Fall 1988, Volume 5.2

Rita Kiefer


It's almost winter. Late
afternoons - look - black
trees won't stop having ideas
on the gold horizon. Not a tidy scene
I think a CT Scan and naked dark
branches hold our story.

Outside, a single yucca pod
the salesman's desperate wife
shouts attention must be paid

and one by one each
evening salmon burst open;
an alchemy of sky.

This fall
I haven't
counted mistakes.


Certain Words

for Sister Dorothy Kazel

A fated choice brings us
to certain words.

Octavio Paz

The deaths, a matter of

Alexander Haig


Slim hints in meter: a caption,
strands of pearls on prom night, hair
delicate on a fiance's shoulder.
Those four years scattered through
dark leather: Notre Dame Academy.
Class of '57. Senior

President. Our Dorothy, most
likely to succeed.


Earlier strewings from trunks.
Tinted girls in pamphlets of
far times. Delicate shades.
At twelve we would imitate
them, hands crossed over their
new breasts through tunics
that showed enough for Roman soldiers.
Cecilia. Agnes. Perpetua.
Be it done to me
on their composed faces.

Saints photographed easy then.


Eighteen-year-old, from your blue Rambler
you view a Cleveland underworld,
streets raining a litany of
weathered faces. Downtown men in
oversized coats play with
their hopeless middle-age fixed
on stone benches in Public
Square, where bag ladies feed and
feed the pigeons.

Shaker Heights
wives in permanent smiles
point their Mercedes toward bourbon
tucked between cedar chest furs.
Hough Avenue
garbage doubles for grass and you remember
how Ceil Roderick signed and lip read,
her smooth long palms speaking to
the hungry black skin of six children,
a husband, part-time, numbing.


Tenacious as slow rain
words change a life.

I've no choice
you told Marilyn Chapas and
bartered the diamond on your left hand
for plain silver on the right to
sleep twenty years alone under
convent muslin. Your body absent as white,
winged over water fonts, as grooves
on mahogany prayer stalls where you cradled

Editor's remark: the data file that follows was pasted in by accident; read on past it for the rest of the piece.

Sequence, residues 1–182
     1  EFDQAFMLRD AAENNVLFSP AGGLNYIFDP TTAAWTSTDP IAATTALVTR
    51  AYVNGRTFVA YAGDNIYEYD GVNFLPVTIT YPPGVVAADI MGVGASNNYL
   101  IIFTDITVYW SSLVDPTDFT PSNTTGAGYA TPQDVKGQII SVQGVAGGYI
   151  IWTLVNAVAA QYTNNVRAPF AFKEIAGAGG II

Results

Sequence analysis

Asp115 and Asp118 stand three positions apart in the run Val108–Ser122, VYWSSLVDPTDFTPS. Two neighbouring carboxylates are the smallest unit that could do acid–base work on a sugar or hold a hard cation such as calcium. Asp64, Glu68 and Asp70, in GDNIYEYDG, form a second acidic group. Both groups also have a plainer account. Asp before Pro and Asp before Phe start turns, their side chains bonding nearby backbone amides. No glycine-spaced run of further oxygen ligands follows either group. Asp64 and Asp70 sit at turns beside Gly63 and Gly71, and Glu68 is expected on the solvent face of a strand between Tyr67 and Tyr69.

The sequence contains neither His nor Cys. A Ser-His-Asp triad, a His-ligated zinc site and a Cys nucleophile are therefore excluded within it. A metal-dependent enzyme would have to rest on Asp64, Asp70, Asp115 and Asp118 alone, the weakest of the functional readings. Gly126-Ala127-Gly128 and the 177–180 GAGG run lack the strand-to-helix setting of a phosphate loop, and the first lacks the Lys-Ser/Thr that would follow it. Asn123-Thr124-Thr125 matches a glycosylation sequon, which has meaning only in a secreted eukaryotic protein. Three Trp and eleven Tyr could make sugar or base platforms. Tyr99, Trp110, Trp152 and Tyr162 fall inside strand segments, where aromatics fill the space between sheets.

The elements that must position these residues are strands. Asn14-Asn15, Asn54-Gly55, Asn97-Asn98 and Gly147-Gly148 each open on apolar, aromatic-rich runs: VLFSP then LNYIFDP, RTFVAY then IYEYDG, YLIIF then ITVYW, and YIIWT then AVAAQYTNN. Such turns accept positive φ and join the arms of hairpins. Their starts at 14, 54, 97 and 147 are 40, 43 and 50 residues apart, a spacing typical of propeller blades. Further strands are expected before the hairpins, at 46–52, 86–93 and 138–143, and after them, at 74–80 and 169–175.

predictable Lives of Saints
instead of children in your lap.


One look, a last wave. Then Salvador. The first Christmas you sent snapshots: Juan Pedro tiny and swollen between the collapsed nipples of Rosa. People propped everywhere. Against fences, fronts of infirmaries. On the steps of Escuela Libre. Free. Images. No words about killing.


That night, December 2,1980. A game.
Tag. Headlights like lasers searing,
polar and deep as the last star.
A game. Red-rover Red-rover
let Sister come over.

Flashlights, five drunken fireflies
coding the air

(and we are
children again trapping summer
insects in glass jars, watching
their bright Ohio release into skies.)

Then five games. Each had his turn
in your body. One bullet wheezed
your blond skull exploded.

(Ring-around-the ...
ashes . . . ashes. . . they all fall down.)

Reports, clear as shots villagers remember. The women broke barricades on a deserted road. Rifles fired for warning. Violated law. The law! Hours of hide-and-seek. Then found under common leaves: you, the three others. On near stumps the blue heat of flies waking as workers raked death in dried blood, pulp, hair. Some blouses backwards, half a face blown away, ankles ringed with underclothes twisted as new versions: Misguided soldiers. They will be apprehended. Ambassador White dismissed for: Truth, not cover-up. Haig's response: case closed.

Back in safe states, wrapped in
Montaldo's pink plush,
Southern Comfort in crystals
on our bedstands,
we watched your face swelling
the screen. No eye able to hold
you, no shutter enough for
gathering the pieces.

Now some nights in sleep we rehearse
rifle music or wild birds violating
roses. Jeep tracks at the side of a road.
Some nights we gather in dreams
Chalatenango, your last unraveling:
I am here to give hope
to the children.

Mama! Mama!
Tell my best story again.
The one of the man
they found under the world,
and a locked box just
certain words would open.

Once upon a time I knew this woman ....

From Your Unknown Friend Across the World

for Irina Ratushinskaya

Crystals ice your scalp and cell
every winter those shaved years.
New stubble at 29 sprouts grey.

Across the world, I know a husband
(you, three years without yours),
the pink comfort of sheets,
cream sherry lacing two crystals
delicate on our nightstand.
Sometimes, after love, your words:
I am not afraid to die.

Today, just before Reykjavik,
someone gestured and you breathed
the first air of Kiev
three years after the interrogator
coiled your lines.
At the trial they hissed.

In this room across the world 1 hold
a life carved those years into poems
with burnt matchsticks on
bars of soap small as the palm
of your hand and memorized
before you washed your body.

Childless Poet

When you have none
every face
you see
might be yours.